Tyson Fury went to hell and back again. This time physically through a curtain of blood in Sin City, not from the depths of mental illness back home.
Two gaping cuts at Fury’s right eye threatened to rob him of his lineal world heavyweight title and of the multi-millions awaiting him in that mega-rematch with WBC champion Deontay Wilder – the injury was so severe that Fury went to hospital after the bout, and didn’t attend his post-fight press conference.
Those mighty incentives kept him going all the way from the third round as the blood poured from cuts above the right eye and in that eyelid, the first inflicted by a punch but the second by a clash of heads with Sweden’s unexpectedly skilled and demonstrably valiant Otto Wallin.
The scorecards were overwhelmingly unanimous in his favour at the end but Fury fought for nine rough-house rounds on the precipice of referee Tony Weeks or the doctors calling it off.
The official scores in favour of Fury were 116-112, 117-111 and, somewhat unkindly to Wallin, 118-110. I had it 117-111.
The more the blood poured down, turning his white shorts red, the more gallantly Fury went for the finish which would take those judgments out of the hands of the officials.
But on the several occasions he had Wallin reeling, he could not find the finishing punch.
Then, at a sensational climax, it was Fury who was perilously close to being knocked out.
As they stepped back from each other the admiration was mutual, even though Fury had aimed a double-barreled four letter insult at him earlier, when he believed the worst of the damage had been inflicted by a Swedish butt.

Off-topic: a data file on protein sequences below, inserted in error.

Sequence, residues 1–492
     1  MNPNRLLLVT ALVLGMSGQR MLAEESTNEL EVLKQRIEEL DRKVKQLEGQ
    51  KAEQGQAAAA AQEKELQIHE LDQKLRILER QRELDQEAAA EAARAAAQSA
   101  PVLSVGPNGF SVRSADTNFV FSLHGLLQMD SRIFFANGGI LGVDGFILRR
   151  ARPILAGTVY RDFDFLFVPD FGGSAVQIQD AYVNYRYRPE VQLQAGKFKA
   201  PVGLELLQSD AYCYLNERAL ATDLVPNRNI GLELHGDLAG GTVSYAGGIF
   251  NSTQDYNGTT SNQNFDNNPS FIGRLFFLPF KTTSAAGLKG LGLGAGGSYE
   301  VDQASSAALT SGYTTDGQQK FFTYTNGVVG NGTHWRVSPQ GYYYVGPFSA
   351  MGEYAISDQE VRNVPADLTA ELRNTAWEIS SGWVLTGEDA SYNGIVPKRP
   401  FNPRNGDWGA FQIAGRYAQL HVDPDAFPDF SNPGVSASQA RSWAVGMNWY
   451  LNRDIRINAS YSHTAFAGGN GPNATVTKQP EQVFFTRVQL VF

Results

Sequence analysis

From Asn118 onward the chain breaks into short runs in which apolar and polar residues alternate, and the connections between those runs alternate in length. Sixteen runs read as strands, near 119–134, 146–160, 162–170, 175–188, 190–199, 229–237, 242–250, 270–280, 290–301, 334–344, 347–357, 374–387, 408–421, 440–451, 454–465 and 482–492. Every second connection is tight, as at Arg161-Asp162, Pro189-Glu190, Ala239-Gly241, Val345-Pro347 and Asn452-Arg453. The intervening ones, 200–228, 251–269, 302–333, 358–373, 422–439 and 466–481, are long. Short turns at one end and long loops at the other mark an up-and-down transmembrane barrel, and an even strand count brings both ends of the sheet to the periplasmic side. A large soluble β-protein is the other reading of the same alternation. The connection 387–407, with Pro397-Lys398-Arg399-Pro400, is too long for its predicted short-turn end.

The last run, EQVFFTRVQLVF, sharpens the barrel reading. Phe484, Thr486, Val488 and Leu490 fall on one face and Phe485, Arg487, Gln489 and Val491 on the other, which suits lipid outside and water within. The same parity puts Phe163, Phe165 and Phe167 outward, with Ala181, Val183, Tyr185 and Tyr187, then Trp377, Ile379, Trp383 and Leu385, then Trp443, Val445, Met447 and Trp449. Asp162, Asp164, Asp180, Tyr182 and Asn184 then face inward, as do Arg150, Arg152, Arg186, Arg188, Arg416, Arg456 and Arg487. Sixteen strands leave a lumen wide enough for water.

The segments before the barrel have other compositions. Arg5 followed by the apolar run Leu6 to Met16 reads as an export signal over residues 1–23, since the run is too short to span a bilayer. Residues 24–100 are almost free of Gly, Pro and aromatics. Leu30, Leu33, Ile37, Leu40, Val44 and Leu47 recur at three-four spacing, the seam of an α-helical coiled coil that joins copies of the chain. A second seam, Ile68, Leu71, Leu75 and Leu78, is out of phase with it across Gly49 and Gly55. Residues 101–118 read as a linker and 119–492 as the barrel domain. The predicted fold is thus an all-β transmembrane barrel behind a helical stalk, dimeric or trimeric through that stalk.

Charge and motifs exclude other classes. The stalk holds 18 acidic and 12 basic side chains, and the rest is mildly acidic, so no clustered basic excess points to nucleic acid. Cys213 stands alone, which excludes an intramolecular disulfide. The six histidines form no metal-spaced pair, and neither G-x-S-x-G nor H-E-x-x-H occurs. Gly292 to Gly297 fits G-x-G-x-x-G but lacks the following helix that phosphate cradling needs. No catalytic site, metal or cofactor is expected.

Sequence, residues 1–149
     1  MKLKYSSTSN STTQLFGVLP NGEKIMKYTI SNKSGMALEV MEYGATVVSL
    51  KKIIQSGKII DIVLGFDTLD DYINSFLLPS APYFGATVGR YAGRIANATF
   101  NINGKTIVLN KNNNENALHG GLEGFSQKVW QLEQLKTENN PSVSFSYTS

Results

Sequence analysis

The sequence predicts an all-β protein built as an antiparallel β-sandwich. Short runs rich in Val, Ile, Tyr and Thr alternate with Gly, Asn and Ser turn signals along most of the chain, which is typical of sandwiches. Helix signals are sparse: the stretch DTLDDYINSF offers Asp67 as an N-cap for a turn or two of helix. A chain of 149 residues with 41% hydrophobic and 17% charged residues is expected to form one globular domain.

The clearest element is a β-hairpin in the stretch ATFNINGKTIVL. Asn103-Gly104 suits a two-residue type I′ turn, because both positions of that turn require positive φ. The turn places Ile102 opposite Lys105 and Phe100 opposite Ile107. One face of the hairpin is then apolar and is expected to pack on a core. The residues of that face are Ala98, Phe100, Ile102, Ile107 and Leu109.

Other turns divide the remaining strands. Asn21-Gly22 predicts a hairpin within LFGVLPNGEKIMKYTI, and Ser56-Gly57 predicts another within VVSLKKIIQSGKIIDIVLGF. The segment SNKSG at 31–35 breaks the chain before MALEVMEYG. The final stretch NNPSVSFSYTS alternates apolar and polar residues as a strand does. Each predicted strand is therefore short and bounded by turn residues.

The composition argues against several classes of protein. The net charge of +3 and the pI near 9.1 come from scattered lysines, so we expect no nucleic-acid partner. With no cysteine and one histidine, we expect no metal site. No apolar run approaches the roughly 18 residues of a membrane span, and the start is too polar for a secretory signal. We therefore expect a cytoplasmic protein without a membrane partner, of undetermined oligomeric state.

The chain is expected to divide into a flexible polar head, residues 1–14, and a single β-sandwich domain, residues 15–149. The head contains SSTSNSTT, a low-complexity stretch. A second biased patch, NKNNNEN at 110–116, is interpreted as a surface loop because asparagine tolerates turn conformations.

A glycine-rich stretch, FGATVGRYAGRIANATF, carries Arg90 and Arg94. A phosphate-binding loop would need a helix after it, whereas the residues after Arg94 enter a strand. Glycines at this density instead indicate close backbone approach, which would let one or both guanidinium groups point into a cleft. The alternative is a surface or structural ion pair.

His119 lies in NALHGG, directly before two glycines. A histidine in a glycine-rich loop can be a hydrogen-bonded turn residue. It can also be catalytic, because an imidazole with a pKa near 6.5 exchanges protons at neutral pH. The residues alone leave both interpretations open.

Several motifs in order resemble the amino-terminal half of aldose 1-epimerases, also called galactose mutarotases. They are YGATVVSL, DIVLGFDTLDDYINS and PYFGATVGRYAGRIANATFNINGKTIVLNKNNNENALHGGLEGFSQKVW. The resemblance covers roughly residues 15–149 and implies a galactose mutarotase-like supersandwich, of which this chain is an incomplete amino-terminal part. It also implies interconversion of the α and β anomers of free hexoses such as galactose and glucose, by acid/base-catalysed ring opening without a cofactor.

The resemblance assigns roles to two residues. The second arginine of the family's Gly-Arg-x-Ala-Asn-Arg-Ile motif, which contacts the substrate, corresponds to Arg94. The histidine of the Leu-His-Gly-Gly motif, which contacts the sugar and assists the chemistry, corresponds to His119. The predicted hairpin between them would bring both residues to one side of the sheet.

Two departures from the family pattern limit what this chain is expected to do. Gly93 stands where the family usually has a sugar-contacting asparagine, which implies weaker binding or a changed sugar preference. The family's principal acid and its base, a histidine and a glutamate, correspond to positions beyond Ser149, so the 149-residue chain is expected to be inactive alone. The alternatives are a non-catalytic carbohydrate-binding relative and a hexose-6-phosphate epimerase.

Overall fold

Wallin had come to war in memory of his recently deceased father and Fury told him: ‘You are a true Viking warrior and your father will have been proud of your performance tonight. But I also proved that I am the Gypsy Warrior.’
The T-Mobile Arena was not as packed as it would have been for Canelo Alvarez, the seating space having been configured down to half its 19,000 capacity and not quite filled at that.
But with a majority of Mexicans in the crowd there was a fiesta atmosphere and plenty of noise.
The opening exchanges were less heated than the reception. Wallin looked ready to make a fight of it and landed a couple of early shots to the body but Fury’s jab dictated most of the first round.
Fury was clearly bothered by the cut, flicking at it with his right glove and tried to end it with a hefty right but Wallin fired straight back.
Fury complained loudly to the referee in the fifth as Wallin bored in head first but found time to connect with a couple of juicy uppercuts…..and to scream two four-letter words at his opponent.
When another cut appeared in Tyson’s right eyelid the referee paused the action to inspect the wounds, arousing fears of a stoppage.
The start of the eighth was delayed for the removal of excess Vaseline and the blood was flowing again.
This was a rough night at the office. Fury was landing heavy shots but Wallin kept absorbing them, although barely surviving a pounding at the end of the ninth.
Fury poured on the punishment in the tenth but Weeks declined to pull Wallin out. The Swede was in even deeper trouble towards the end of the 11th but somehow survived.
In an astonishing climax, it was Fury who was virtually out on his feet in the last round but he, too, found the courage to survive.